The Telegraph Key iHorn is made from an antique telegraph key on an antique slide top box. Developed in the 1830s and 1840s by Samuel Morse (1791-1872) and other inventors, the telegraph revolutionized long-distance communication. It worked by transmitting electrical signals over a wire laid between stations. In addition to helping invent the telegraph, Samuel Morse developed a code (bearing his name) that assigned a set of dots and dashes to each letter of the English alphabet and allowed for the simple transmission of complex messages across telegraph lines. On May 24, 1844, Morse sent his first telegraph message, from Washington, D.C., to Baltimore, Maryland a distance of 38 miles, stating, “What hath God wrought!” Suddenly, communication could occur from distance.
By 1866, a telegraph line had been laid across the Atlantic Ocean from the U.S. to Europe. Although the telegraph had fallen out of widespread use by the start of the 21st century, replaced by the telephone, fax machine and Internet, it laid the groundwork for the communications revolution that led to those later innovations. To transmit messages across telegraph wires, in the 1830s Morse created what came to be known as Morse code. The code assigned letters in the alphabet and numbers a set of dots (short marks) and dashes (long marks) based on the frequency of use; letters used often (such as “E”) got a simple code, while those used infrequently (such as “Q”) got a longer and more complex code. The electric telegraph transformed how wars were fought and won and how journalists and newspapers conducted business. The telegraph also had a profound economic effect, allowing money to be “wired” across great distances.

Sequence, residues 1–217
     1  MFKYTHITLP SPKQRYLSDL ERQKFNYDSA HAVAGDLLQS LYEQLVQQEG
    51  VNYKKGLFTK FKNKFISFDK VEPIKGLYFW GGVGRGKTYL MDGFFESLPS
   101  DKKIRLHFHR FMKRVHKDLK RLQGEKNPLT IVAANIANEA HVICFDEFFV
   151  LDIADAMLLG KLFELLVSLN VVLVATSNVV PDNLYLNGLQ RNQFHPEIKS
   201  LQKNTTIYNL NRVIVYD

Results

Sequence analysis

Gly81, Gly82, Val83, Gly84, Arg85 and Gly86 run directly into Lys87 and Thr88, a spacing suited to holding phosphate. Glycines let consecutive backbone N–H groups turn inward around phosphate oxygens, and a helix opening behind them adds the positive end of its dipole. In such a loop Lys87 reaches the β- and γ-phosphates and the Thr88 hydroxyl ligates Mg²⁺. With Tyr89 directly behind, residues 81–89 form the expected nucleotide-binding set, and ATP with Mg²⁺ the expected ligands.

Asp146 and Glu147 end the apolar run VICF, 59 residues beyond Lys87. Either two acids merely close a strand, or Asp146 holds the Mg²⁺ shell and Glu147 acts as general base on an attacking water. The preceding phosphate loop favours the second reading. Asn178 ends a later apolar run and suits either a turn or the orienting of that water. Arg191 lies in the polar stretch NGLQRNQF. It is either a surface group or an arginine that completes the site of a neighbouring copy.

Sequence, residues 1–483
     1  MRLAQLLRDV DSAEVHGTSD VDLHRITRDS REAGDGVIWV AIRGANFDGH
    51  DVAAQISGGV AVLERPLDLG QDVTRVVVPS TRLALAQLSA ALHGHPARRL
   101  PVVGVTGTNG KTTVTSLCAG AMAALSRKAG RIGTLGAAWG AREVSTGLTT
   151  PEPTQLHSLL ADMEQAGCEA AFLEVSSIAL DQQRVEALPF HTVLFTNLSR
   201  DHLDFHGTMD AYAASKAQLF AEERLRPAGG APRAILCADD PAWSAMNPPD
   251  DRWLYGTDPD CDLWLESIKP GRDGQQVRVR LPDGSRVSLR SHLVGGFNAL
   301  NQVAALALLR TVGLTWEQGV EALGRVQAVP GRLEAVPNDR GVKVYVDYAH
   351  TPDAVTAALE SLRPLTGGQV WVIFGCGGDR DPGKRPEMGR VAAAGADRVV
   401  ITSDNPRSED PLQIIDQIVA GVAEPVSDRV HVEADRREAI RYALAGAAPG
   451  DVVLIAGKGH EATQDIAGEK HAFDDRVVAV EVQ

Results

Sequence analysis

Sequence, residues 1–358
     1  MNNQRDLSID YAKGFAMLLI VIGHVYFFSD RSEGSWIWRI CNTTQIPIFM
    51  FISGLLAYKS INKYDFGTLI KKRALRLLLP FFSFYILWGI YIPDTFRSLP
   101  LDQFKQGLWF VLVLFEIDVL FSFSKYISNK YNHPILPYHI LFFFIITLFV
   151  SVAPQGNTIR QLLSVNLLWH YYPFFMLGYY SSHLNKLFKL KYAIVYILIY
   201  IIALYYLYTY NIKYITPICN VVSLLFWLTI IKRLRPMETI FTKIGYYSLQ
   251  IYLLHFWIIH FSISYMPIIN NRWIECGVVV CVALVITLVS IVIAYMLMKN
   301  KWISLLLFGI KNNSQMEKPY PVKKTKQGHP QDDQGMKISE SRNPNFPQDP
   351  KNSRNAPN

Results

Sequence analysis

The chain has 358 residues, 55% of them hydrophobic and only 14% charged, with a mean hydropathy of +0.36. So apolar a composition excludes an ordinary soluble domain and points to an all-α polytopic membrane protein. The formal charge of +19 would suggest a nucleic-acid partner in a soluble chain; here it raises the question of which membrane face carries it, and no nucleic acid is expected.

The Telegraph Key iHorn represents the first text messaging device and the movement of communication which is today taken for granted.